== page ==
Throughout high school, I’ve been struggling with the idea of being an activist. What makes an activist? Am I enough of an activist? What’s the point? As the Greta Thunbergs of our individual societies are inciting change on an international level, where does a self-proclaimed high school activist stand?
I’ve been brought up a “third-culture kid” in an already multi-faceted, diverse country: Singapore. Though I was born here, culturally, I’ve been raised Indian, while attending a diverse international school.
To understand one’s background can be taken for granted. Singaporean, Indian, International? I can’t tie myself down to only one identity, and that can make things difficult. My generation is one of communication, globalisation and diversity – and we’re very aware of all the problems afflicting society and how the climate crisis impacts them. All the communities to which I belong are affected, too. It’s a lot to think about.
At my school, many are like me. We care a lot about sustainability and our duty to society as we prepare to enter the world. It’s part of our curriculum, ingrained in our ethos and it drives most of our actions. With the environment deteriorating around us, there’s an inescapable burden to make an “impact” and meet our true potential as members of this modern society. We need to inspire ourselves and others to make the right choices – if we don’t, then the climate crisis is putting our future at risk.
It’s easy to always look outward and be overwhelmed, or to compare oneself to the ‘famous’ activists in newspaper articles. But, I am learning that even small scale change matters, too. Understanding what’s going on in your own surroundings before turning to the rest of the world is a productive step towards a more connected, sustainable community. In fact, it’s at the heart of “being an activist”: caring for your community and inspiring others to do the same.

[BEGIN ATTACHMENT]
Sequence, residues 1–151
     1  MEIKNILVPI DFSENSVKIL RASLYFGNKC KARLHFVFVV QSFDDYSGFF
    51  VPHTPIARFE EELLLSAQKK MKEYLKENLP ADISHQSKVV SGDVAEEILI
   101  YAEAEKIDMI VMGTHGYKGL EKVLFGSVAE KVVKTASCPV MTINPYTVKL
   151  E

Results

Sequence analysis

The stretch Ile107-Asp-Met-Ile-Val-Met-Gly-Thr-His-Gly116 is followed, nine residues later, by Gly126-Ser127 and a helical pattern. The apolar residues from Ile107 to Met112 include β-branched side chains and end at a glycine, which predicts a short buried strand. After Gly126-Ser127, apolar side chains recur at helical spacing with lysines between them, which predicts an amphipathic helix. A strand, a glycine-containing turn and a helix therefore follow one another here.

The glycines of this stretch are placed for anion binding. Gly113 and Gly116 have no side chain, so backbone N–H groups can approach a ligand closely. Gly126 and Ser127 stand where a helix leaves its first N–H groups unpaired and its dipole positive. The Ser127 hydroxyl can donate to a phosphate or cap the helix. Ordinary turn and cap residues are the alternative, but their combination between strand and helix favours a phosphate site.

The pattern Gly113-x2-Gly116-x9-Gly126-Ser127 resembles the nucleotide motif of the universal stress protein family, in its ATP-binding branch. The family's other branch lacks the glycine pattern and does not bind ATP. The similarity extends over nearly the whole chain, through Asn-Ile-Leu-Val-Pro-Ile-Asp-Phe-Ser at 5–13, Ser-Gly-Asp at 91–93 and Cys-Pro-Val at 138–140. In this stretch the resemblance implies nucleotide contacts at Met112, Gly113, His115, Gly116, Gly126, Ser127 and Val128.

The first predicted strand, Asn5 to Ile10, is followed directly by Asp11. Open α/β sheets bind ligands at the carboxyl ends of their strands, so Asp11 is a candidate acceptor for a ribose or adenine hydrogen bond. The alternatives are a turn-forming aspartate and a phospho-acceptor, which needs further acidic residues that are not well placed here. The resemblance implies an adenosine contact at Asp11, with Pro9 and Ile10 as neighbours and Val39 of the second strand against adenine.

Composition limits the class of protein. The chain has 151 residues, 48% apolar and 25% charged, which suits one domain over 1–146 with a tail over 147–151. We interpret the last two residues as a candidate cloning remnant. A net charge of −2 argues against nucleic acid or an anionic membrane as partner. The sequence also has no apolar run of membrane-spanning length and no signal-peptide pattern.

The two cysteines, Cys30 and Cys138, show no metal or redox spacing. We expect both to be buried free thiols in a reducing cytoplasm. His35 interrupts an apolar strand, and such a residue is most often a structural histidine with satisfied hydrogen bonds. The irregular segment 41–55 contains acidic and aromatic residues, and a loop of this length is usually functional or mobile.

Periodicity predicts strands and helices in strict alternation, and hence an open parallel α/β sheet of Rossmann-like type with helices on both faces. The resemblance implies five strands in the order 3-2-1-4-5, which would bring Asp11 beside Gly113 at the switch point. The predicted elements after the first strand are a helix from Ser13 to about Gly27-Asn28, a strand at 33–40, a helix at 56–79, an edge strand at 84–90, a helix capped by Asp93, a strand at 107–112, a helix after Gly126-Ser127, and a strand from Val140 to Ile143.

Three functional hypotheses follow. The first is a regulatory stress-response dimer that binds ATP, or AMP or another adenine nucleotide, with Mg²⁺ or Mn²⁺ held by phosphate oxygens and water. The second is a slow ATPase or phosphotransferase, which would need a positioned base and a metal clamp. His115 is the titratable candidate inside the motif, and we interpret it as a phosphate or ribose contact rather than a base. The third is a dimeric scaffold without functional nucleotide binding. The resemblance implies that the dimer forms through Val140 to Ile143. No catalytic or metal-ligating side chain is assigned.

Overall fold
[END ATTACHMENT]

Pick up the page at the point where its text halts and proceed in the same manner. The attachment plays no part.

I recently joined Singapore Youth for Climate Action (SYCA), a youth-led organisation working to make change at both grassroots and policy levels in Singapore. As someone who has always felt outside of the local community, shielded in the international schooling system bubble, it’s been especially insightful to ground myself in a new community and look at the fight against climate change at a domestic level, studying policies and initiatives.
“Understanding what is going on in your own surroundings before turning to the rest of the world is a productive step towards a more connected, sustainable community.”
Joining SYCA was one of the best decisions I made. It pushed me to interact with youth with different backgrounds, opportunities and experiences to my own, even while I continued my work in my own school. Recently, we studied Singapore’s NDC (nationally determined contribution to the Paris agreement) and also considered its local impact. We created a position paper, and it was the first time I had the chance to work with more experienced activists to look critically at policies.
Through my journey in my home, school and local community, I’d like to think of myself as an activist. But the things I’m able to do in that position and the impact we have together matter more than just the name or the title. I understand that many teenagers around the world like me will share similar questions and moments of self-doubt, in terms of our place in society. But I know that we’re on the right track. Soon we’ll move on from high school and join new groups of people who are passionate about, forgive the cliché, “changing our world”, and this is what excites me.